A design pattern is the re-usable form of a solution to a design problem.
Is a software design pattern that restricts the instantiation of a class to one “single” instance
Factory or Factory Method
Is a creational design pattern that provides an interface for creating objects in a superclass, but allows subclasses to alter the type of objects that will be created.
he Factory Method pattern suggests that you replace direct object construction calls (using the new operator) with calls to a special factory method. The objects are still created via the new operator, but it’s being called from within the factory method. Objects returned by a factory method are often referred to as “products.”
Is a behavioral software design pattern that enables selecting an algorithm at runtime. Instead of implementing a single algorithm directly, code receives run-time instructions as to which in a family of algorithms to use.
Es.: a sort function that choose the sort algorithm upon data amount or type…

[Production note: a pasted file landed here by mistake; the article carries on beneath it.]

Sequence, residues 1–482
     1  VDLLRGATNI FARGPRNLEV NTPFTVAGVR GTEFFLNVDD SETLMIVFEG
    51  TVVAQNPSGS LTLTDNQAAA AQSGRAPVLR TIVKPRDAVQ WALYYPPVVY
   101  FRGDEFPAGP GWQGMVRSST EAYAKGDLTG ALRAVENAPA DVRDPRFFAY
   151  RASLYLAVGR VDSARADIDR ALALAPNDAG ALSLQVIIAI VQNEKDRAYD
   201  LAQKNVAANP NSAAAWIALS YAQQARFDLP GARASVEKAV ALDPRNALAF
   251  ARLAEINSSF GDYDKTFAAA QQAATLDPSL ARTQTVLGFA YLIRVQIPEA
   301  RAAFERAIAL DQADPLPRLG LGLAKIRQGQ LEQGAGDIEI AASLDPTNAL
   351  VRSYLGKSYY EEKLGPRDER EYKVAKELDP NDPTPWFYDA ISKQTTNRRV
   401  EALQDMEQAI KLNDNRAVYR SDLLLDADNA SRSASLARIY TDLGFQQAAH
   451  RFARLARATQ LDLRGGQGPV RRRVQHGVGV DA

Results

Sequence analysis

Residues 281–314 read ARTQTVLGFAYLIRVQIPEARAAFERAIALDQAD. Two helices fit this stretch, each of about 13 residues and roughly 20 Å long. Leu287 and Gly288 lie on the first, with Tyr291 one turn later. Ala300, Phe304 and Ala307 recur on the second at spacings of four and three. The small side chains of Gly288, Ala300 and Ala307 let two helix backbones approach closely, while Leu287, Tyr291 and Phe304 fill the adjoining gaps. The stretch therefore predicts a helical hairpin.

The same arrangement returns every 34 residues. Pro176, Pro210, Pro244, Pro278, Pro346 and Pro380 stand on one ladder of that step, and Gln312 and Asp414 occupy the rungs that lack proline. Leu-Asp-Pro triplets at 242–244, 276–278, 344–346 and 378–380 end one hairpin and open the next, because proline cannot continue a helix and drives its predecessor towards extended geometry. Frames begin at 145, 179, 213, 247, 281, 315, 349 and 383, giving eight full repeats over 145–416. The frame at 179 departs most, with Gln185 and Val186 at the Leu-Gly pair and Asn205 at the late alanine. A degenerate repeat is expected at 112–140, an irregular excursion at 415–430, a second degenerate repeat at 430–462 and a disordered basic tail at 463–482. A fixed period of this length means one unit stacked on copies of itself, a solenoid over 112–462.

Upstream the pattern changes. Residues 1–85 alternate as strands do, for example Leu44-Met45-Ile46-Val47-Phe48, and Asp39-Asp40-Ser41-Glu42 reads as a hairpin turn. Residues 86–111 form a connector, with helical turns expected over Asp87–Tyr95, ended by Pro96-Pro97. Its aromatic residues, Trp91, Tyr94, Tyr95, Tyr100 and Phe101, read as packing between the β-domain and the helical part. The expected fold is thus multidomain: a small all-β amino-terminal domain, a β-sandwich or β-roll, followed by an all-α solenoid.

Is a software design pattern (also known as wrapper, an alternative naming shared with the decorator pattern) that allows the interface of an existing class to be used as another interface. It is often used to make existing classes work with others without modifying their source code.
The Adapter pattern just links two incompatible interfaces.
A single control panel to run all the internal components.
Analogous to a facade in architecture, a facade is an object that serves as a front-facing interface masking more complex underlying or structural code. A facade can:
- improve the readability and usability of a software library by masking interaction with more complex components behind a single (and often simplified) API
- provide a context-specific interface to more generic functionality (complete with context-specific input validation)
- serve as a launching point for a broader refactor of monolithic or tightly-coupled systems in favor of more loosely-coupled code